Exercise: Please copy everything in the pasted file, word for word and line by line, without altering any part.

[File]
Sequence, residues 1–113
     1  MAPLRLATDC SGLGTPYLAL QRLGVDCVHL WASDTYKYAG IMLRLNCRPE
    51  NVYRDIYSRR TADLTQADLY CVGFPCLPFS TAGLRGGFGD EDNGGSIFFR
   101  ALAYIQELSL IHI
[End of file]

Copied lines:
Sequence, residues 1–113
     1  MAPLRLATDC SGLGTPYLAL QRLGVDCVHL WASDTYKYAG IMLRLNCRPE
    51  NVYRDIYSRR TADLTQADLY CVGFPCLPFS TAGLRGGFGD EDNGGSIFFR
   101  ALAYIQELSL IHI